THE Revd Philip Evens, who died on 12 December, aged 71, was a pioneer of community work. In later life, he applied this knowledge and experience in urban ministry.
Born into a north-Somerset working class family, he grew up in the Open Brethren. As a mature student, he gained a special honours degree in sociology at Leicester University, and became a social worker in Somerset. A rapid process of social mobility began when, in 1965, he became the youngest deputy children’s officer in the country. He helped to set up a new children’s department and experimental family-advice projects in Luton.
In 1970, he entered social-work education by becoming a lecturer in applied social studies at Oxford University. There, he discovered that he did not fit into the exclusive network of “North Oxbridge Society”, and so he moved nearer to his ideological home and working-class identity by setting up an Applied Action Research Community Work Project in 1973. It was called the Barton Project, after the council estate on which it was based.
His experiences and other contributions to the development of community work were published in Community Work: Theory and practice (1974) and The Barton Project (1976). Both books applied his Christian faith to his work, and called for the active involvement of Christians in community work and other public services.
In 1976, this project lost funding, and his job was restructured away. He returned, somewhat disillusioned, to his roots in Somerset, where he became self-employed as a landscape gardener. During this mid-life crisis, he and his family began worshipping for the first time in the C of E, and he continued, as he had done for many years, to set up and run Christian youth clubs. Involvement in wider aspects of Anglican ministry led to his call to train for ordination.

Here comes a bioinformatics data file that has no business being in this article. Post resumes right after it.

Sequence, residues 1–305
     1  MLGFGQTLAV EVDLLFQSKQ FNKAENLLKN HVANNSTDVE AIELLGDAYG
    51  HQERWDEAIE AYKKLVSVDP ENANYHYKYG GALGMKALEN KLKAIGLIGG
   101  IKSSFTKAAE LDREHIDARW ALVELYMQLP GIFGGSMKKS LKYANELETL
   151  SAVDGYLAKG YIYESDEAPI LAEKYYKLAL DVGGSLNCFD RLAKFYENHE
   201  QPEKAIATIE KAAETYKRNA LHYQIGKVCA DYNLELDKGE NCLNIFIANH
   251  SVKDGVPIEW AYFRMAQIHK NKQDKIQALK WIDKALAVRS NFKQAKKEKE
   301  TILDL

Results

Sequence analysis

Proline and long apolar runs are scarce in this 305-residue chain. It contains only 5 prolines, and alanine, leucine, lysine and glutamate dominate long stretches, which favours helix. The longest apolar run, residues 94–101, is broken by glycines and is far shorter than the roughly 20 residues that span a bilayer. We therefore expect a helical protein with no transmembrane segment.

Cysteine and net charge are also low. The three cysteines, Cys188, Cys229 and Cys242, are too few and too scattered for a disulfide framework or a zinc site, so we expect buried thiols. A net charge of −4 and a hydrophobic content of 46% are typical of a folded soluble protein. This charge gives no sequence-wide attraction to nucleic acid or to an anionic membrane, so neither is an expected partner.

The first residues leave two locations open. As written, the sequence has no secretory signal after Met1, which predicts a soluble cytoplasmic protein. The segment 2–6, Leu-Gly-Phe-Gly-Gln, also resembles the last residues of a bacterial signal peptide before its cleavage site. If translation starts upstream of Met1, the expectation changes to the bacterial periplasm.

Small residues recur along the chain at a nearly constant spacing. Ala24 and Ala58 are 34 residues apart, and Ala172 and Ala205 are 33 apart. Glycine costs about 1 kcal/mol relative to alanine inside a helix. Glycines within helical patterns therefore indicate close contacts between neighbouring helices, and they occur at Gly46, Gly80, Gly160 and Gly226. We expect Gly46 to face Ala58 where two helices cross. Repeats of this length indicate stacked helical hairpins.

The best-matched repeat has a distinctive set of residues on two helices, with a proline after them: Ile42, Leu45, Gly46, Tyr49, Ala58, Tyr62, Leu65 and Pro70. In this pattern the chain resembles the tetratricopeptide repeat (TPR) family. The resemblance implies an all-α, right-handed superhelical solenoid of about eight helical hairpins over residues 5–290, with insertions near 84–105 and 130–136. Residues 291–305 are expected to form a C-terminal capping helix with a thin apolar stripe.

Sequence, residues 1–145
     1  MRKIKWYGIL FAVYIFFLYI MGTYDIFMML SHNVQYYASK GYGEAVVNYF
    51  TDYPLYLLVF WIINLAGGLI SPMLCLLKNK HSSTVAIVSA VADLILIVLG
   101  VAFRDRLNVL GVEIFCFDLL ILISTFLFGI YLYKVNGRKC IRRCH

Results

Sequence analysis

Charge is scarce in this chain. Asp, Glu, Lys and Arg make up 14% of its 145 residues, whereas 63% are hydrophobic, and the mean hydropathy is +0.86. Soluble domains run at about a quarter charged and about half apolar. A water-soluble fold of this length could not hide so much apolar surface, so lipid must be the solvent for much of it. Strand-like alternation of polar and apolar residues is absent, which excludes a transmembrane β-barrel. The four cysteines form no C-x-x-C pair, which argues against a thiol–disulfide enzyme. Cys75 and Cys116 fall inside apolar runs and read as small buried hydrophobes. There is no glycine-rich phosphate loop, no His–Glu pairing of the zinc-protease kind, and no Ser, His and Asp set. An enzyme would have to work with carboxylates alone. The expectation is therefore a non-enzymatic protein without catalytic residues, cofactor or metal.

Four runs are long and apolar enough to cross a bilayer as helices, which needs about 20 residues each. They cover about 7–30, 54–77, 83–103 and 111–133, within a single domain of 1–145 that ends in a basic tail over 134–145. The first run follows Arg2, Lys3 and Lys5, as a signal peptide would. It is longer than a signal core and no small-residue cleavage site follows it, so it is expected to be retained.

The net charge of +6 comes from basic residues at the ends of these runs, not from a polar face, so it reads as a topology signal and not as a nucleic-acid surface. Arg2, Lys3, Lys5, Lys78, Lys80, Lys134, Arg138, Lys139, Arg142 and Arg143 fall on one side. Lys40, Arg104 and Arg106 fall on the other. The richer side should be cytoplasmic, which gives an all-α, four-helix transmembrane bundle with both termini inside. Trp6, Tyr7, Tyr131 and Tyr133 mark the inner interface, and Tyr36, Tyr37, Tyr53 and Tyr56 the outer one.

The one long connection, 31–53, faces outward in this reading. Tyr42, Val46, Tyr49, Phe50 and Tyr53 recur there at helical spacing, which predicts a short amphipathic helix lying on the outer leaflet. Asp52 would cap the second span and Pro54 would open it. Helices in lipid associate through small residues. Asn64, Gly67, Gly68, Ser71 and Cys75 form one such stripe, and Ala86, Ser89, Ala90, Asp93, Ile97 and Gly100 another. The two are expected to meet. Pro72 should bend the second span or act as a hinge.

At Trinity College, Bristol, he set up the Voice of the People Trust, to sponsor Christian ministry in urban priority areas through community-work projects linked to parishes. Work on the trust was carried out in conjunction with his ministry, first, as a curate at Aston Parish Church, and then as Vicar of St Edmund’s, Tyesley. The trust was involved in developing and restructuring several community and youth projects, and published his third book, Despair and Hope in the City. This explored the relevance of community work to urban ministry.
The Aston and Newtown Community Youth Project, set up during his curacy, was particularly successful in steering young people on the streets away from criminal and anti-social activities towards further education, training, employment, and faith.
Phil also began to explore in ministry the Celtic Christian heritage. This discovery complemented the exploration of spirituality already under way at St Edmund’s, Tyseley. Celtic-based materials seemed to communicate well in an urban context. A project to study the use of such materials in an urban setting resulted in an M.Phil. that he completed during his retirement.
He undertook two personal pilgrimages: the first to the island of Lismore, and the second a six-week “pilgrimage of discovery”, which started at Iona, finished at Holy Island, and involved travelling and camping in a small diesel van.
The Woven Cord programmet he introduced in Tyseley enabled people to respond positively to the principles and practice of Celtic Christianity, and transfer to their lifestyle much of its approach to spirituality.
In retirement, he faced periods of ill-health, and the death of his son Nick when a UN-commissioned plane carrying relief workers crashed in Kosovo. He is survived by his wife Pauline, son Jonathan, and daughter Rachel.
Throughout his life and ministry, he has inspired friends and family to share his commitment to community work and urban ministry. His legacy lives on in many who entered church, social, and youth work as a direct result of his inspiration and support.